Last year, China handed in its submission to the South China Sea Code of Conduct (COC), in which it conveniently turned a blind eye to UNCLOS and proposed that all cooperation to develop marine resources should be between China and the ASEAN states to the exclusion of “outside countries.” In other words, Beijing is seeking to be a “big brother” in the region by forcing Vietnam, Malaysia, the Philippines, and other claimants to enter into joint ventures only with Chinese state-owned oil companies. As observed by U.S. Secretary of State Mike Pompeo, China aims to prevent ASEAN members from “accessing more than $2.5 trillion in recoverable energy reserves.” Ultimately, their repeated provocative actions threaten regional energy security and undermine the free and open Indo-Pacific energy market.

At the same time, Beijing shows no sign of letting up on its claim of sovereignty over the South China Sea by boosting its military presence in the region, including its fishing militia fleet and at least 27 artificial military outposts scattering from the Paracels to the Spatlys. While international law is the best tool that weaker states have in protecting their rights and claims, China has chosen to ignore that. Last month it also held military exercises, including firing ballistic missiles, in the South China Sea. These actions act in a coordinated way to show off China’s naval power and deliver a warning to the United States and its partners that Beijing is ready to protect their interests in the region. At the same time, Beijing’s leadership might want to stir nationalism to distract its dissatisfied public, as the Chinese economy continues to suffer from the trade war with the United States. The South China Sea, Taiwan, and Hong Kong are perfect targets.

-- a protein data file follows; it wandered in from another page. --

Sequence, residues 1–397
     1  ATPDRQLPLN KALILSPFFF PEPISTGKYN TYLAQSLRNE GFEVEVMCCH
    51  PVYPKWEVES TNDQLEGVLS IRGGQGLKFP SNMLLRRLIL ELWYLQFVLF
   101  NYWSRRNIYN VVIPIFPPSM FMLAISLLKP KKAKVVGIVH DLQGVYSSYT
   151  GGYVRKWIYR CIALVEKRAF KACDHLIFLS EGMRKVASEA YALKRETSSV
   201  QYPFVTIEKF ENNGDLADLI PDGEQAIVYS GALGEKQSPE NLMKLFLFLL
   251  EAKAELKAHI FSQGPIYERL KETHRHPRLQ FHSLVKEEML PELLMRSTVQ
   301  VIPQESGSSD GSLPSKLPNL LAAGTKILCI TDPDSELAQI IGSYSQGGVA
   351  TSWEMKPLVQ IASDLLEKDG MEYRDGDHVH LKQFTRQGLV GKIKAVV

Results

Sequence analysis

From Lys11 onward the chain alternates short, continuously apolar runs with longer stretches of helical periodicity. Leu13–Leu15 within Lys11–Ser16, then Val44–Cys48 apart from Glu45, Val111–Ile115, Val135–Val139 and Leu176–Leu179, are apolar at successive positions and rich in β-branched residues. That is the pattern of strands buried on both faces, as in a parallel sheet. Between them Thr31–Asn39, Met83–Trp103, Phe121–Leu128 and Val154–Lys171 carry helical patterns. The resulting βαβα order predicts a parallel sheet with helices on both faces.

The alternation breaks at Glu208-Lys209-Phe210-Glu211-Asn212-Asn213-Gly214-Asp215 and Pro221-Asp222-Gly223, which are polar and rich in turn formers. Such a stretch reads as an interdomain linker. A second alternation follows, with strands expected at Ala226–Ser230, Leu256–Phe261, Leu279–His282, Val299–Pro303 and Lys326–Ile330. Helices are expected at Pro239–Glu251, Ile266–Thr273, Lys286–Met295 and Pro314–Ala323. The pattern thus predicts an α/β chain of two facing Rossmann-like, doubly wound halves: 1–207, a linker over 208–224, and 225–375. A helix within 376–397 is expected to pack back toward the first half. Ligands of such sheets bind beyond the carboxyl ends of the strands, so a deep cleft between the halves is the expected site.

In conclusion, Hanoi and Beijing are no stranger to conflicts over maritime sovereignty. However, the latest standoff is a reminder of how Chinese dominance, when it shows little regard for international law, leaves the region worse off. As ASEAN Chair in 2020, Vietnam will be in a stronger position to lobby international community and other South China Sea claimants to defend international law. The United States has also made its move. Amid tensions in the disputed waters, it is reported that the navies of the United States and the 10 ASEAN countries will stage their first combined maritime exercise on September 2 in the Gulf of Thailand, aimed at “creating mutual cooperation in maritime security building.” The drills will begin at Sattahip naval base in Chonburi province and extend to Vietnam’s southernmost province of Ca Mau. Many observers hope that this move will help to strike a balance between China and the United States – the two major powers with significant influence in the South China Sea.

Trinh Le graduated from the University of Melbourne with a Master of Publishing and Communications in 2016. During his study, he worked as a volunteer reporter for Meld Magazine.